The problem is that as a result we shrink a little bit each time we do this. If we don’t bring our moral selves to work with us, then work becomes a place where we can’t develop as moral people. The same happens if we don’t bring our emotional needs, our needs to be physically healthy, or our needs to learn to work with us – work has much less potential to be a place where we can express emotion, be healthy and learn.

I am trying to ‘show up’ more in my work. My focus is on being more transparent about my reasoning (explaining not just what I think, but why), being more curious about what other people think (so I may learn something, and may change my own opinion), closing the gap between what I think and what I say, and speaking up when I am unhappy or have a different view. I’m not finding it easy, but I’m going to keep trying. I’m already a good listener; now I am choosing to speak as well, rather than remain mute.

* The photograph at the top is from Flickr.com, reproduced under a Creative Commons Licence.

** In interviews with 60 managers, Bird and Waters found nearly 300 examples where managers had dealt with moral issues at work, but in only 12 per cent of those examples was there any public discussion of the moral issues. F B Bird and J A Waters, ‘The moral muteness of managers’, California Management Review, Fall 1989: 32, 1, pp. 73-88. Hat tip to Nancy White, who refers to the study in her book Dialogue at Work.

Oh my god I’m going to die!

April 15th, 2010 2 comments

SkullsI’ve been thinking about death for the past couple of days, and it’s been great! It’s given me some renewed energy and made me feel more positive. Interested in how death can cheer you up too? Then read on…

I have recently come across a great guy called Michael Bungay Stanier. He is the author of ‘Do More Great Work‘, and is also behind the company Box of Crayons, who have some amazing inspirational videos on their website.

In a podcast on his website, Michael was talking about how he had visited a website which can ‘predict’ the date of your death, based on your date of birth, gender, diet etc. (Of course it is not a prediction, just a statistical average. You could be hit by a bus tomorrow, or live 20 years longer than the prediction). And Michael has printed out the date of his death on a card which he keeps next to his computer, and had also set up a countdown clock on his desktop, ticking away the seconds and hours he has remaining on this earth.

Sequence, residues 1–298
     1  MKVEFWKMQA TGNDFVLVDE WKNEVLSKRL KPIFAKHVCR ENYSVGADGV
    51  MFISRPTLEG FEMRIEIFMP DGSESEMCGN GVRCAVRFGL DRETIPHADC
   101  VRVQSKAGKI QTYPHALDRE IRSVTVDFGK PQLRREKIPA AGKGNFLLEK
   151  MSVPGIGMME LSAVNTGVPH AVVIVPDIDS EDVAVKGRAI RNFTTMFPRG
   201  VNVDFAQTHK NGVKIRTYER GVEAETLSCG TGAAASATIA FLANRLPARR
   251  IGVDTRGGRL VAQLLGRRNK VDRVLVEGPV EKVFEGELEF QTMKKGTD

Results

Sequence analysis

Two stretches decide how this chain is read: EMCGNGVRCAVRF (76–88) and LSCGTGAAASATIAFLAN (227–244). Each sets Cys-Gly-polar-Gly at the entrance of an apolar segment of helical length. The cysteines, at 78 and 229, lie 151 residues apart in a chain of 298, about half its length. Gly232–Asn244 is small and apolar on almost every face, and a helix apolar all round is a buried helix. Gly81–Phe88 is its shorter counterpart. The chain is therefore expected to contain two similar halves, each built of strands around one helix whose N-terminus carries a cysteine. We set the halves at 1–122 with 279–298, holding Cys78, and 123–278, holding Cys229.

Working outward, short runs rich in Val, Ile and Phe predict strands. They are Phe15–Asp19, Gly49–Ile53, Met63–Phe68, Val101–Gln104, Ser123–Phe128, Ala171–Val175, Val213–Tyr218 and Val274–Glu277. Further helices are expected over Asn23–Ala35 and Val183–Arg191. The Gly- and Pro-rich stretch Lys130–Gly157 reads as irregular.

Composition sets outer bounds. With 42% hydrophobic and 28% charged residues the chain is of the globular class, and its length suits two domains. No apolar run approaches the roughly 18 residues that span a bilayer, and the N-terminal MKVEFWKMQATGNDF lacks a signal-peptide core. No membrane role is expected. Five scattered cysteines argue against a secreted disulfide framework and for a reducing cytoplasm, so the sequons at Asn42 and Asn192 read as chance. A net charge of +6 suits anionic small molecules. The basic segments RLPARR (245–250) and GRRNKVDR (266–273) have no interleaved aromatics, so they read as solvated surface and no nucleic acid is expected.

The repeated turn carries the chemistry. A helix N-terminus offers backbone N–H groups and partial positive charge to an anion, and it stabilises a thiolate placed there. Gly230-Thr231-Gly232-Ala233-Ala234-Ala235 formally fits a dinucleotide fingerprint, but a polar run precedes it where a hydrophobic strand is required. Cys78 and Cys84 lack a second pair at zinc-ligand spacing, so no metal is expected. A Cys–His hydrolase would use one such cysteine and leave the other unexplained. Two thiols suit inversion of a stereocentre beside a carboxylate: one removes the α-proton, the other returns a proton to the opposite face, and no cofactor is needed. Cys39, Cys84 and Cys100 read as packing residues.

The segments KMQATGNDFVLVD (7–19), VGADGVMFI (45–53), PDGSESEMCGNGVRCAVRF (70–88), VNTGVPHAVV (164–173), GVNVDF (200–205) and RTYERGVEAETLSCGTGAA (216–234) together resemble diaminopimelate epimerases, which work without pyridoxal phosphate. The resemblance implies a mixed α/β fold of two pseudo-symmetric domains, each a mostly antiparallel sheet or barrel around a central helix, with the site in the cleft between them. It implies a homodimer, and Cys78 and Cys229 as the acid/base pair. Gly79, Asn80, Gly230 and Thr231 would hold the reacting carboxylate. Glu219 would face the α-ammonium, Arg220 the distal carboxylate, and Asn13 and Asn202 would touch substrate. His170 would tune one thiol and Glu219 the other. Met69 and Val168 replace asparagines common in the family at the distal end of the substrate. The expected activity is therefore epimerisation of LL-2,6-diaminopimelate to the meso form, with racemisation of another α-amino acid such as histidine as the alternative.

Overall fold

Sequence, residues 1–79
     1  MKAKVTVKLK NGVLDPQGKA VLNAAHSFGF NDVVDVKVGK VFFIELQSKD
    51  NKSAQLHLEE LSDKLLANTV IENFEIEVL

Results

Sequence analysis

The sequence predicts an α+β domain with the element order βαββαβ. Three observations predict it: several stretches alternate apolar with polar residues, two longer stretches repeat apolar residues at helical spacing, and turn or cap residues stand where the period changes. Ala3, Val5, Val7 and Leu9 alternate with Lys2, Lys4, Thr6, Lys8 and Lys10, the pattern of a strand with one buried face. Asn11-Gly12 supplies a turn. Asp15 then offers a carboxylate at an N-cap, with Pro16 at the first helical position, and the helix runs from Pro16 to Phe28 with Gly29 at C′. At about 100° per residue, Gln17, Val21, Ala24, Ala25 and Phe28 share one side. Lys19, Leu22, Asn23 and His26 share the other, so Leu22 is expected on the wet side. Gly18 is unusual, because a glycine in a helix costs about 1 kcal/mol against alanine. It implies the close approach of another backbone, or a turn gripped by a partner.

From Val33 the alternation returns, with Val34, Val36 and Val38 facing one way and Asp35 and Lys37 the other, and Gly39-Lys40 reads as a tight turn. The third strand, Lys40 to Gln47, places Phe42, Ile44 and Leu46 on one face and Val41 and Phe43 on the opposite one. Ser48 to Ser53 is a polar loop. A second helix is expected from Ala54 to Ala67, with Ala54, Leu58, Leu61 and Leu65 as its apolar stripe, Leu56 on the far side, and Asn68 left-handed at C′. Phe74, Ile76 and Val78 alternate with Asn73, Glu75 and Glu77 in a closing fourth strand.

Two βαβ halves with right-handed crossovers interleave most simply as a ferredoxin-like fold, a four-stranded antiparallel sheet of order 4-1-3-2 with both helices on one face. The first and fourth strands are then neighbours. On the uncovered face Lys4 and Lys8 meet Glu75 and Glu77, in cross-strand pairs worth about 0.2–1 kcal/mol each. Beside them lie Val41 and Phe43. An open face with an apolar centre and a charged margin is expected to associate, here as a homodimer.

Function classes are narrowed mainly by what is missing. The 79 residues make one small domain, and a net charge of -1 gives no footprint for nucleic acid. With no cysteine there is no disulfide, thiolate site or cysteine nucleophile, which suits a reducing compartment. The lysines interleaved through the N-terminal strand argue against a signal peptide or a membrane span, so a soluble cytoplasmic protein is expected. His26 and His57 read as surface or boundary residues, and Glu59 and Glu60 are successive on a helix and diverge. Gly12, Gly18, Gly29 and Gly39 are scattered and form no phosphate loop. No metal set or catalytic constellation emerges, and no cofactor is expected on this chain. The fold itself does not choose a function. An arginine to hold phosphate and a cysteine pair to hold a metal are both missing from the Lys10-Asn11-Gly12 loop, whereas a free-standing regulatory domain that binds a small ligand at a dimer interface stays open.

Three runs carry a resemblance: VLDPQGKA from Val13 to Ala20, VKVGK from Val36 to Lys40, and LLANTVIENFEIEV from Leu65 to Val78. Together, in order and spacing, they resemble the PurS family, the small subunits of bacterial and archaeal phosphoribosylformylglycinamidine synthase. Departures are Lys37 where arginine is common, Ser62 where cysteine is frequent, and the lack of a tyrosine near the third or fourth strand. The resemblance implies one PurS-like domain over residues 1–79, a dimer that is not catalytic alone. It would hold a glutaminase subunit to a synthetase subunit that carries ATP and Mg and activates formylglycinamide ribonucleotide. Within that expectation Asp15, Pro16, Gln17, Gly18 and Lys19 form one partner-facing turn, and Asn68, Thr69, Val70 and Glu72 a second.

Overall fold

How is this helpful to anyone? The point Michael made in his podcast is that if you think to yourself that there is a specific date and time at which you will die, by definition you only have a limited number of hours left to live – they will run out at some point. So do you really want to spend even one of those hours doing something that is pointless, or that is not exciting, or that does not add value to your life? Imagine reaching the end of your life and realising the hour spent aimlessly surfing the internet, or reading boring e-mails, could have been spent on something worthwhile – playing with a child, reading a great book, talking to a friend, enjoying a walk in the outdoors. Would you like to avoid having those regrets?

I found it a really helpful way to think. It has given me some energy to get on with things that I have been putting off (like getting back to this blog). And the great thing is that it really doesn’t matter whether the ‘death clock’ prediction is right or wrong (in fact, it’s almost certain that it will be wrong). All that matters is to think that there is a day when you will die.

Michael has a card by his computer, but I wondered whether there might be a more 21st century way for me to focus on my date of death. And sure enough, there are several ‘death clocks’ to choose from on iTunes, many of them free! I downloaded the delightfully-named iCroak to my iPhone and punched in my details**. I was delighted to find that I am only half-way through my life, and still have 42 years to go. Phew!

Christian art from medieval Europe has many memento mori – reminders of death. They were intended more to remind people that life was meaningless and fleeting, and to focus their attention on the afterlife. My iPhone memento mori has a different effect on me – without a belief in the afterlife, it is focusing me on the here and now. What time is it? It is always ‘now’.

* The photograph at the top is from Flickr.com, reproduced under a Creative Commons Licence.

** This is not quite true. I actually downloaded three different apps, and kept the one that told me I had longest left to live 😉

Categories: Coaching Tags: ,

The power of less

March 1st, 2010 No comments

less is more

The power of less